Compact Performance Market: This market involves all of the modifications consumers make to small, front-wheel-drive cars with 4-cylinder engines. Incredibly, the sales of appearance accessories, handling and suspension parts and performance and racing products for compact performance vehicles topped $3 billion in retail sales for 2003. In that year, the segment grew 35%, according to SEMA.
Muscle Car Marvels
When the Las Vegas-housed, 38th Annual SEMA Show opened in November to the more than 120,000 attending automotive professionals, one theme stood out to me as I toured the show exhibits and booths. The muscle car is back, and with it, hundreds of aftermarket products to match.
“The baby boomer generation grew up with muscle cars ‹ a lot of them never stopped lusting after power under the hood and raised children with the same passion for performance,” said Christopher Kersting, SEMA president, during the event. “The 2004 SEMA Show indicates that both the muscle car and the industry within which the auto enthusiast thrives have given them what they’ve been wanting for a long time.”
The car manufactures themselves are realizing the rebirth of the muscle car phenomenon. Walking around the 2005 North American International Auto show in Detroit last month, I viewed a number of “throwback” muscle car vehicle designs. For example, DaimlerChrysler showcased a new version of the 1960s Dodge Charger, while Ford Motor Co. reintroduced a bolder-looking Mustang and General Motors promoted its Chevrolet Corvette Z06, which still uses some themes from its 1960s muscle car heyday.
Compact Performance Opens Up
The compact performance market, which had its visual beginnings in the late 1980s in California, has now made its way throughout the country. Speaking on how the segment grew 35% last year, Jim Spoonhower, SEMA vice president of market research, said the association has witnessed a revealing shift in the vehicle modifications of this segment made up of both male and female drivers ages 18-25. “When we first tracked compact sedans being modified, about 60% of them were purchased or acquired as used vehicles, and their owners not only modified their appearance but also invested in improving their performance,” Spoonhower said. “Now, with the entrance of so many newer vehicles equipped with the most modern engine and handling technology into this segment, their owners are placing greater emphasis on adding appearance and interior creature comforts and amenities such as mobile electronics.”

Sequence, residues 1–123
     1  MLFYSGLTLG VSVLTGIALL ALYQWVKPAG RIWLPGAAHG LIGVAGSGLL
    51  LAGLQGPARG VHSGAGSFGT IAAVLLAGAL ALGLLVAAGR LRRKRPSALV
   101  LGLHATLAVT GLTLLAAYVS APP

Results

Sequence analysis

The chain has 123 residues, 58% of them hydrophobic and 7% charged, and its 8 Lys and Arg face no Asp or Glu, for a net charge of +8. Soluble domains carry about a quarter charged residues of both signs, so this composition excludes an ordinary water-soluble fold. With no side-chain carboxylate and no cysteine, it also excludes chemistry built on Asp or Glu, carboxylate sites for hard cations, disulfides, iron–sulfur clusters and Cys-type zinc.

Final Thoughts The media, too, is taking notice of the trends away from vehicles being only viewed as “just transportation.” A recent article from the Wall Street Journal reported that small independent shops are making money by extensively restyling and modifying vehicles with expensive accessories and custom work, as personalizing one’s “ride” has become part of the American pop culture.
Television programs that highlight restoration and customizing are more popular than ever, which is helping fuel the growth in this industry. But be careful – one getting started in this type of work must realize that what may look easy in a 30-minute television program in reality can take hundreds of hours of technician time.
In its “2003 Compact Performance Market Survey,” conducted by Babcox Research, ImportCar magazine, a sister publication to Underhood Service, reported that 28.6% of the shops surveyed provide high-performance modifications at their businesses. The report also showed that the typical independent import repair shop modifies an average of six vehicles per month. Respondents also indicated that a significant portion of their sales volume could be attributed to import performance work, which signals a growing adoption of this service as a viable profit niche.
For a printable PDF copy of the ImportCar “2003 Compact Performance Market Survey,” e-mail me at [email protected]
| Having a tough time deciding whether to get into the performance, restoration or customizing markets? Trade shows and conventions are a great opportunity to talk to others in these niche markets. Attending these shows will help you make more informative decisions on the tools and equipment you’ll need to provide various services at your shop, as well as the chance to discuss the marketing options that would best suit your shop and customers.
Some of the aftermarket’s top trade shows for 2005 and the contact website for these markets include:
Hot Rod & Restoration Trade Show
Engine Rebuilders Association AERA EXPO
Specialty Equipment Market Association (SEMA)
Performance Racing Industry (PRI)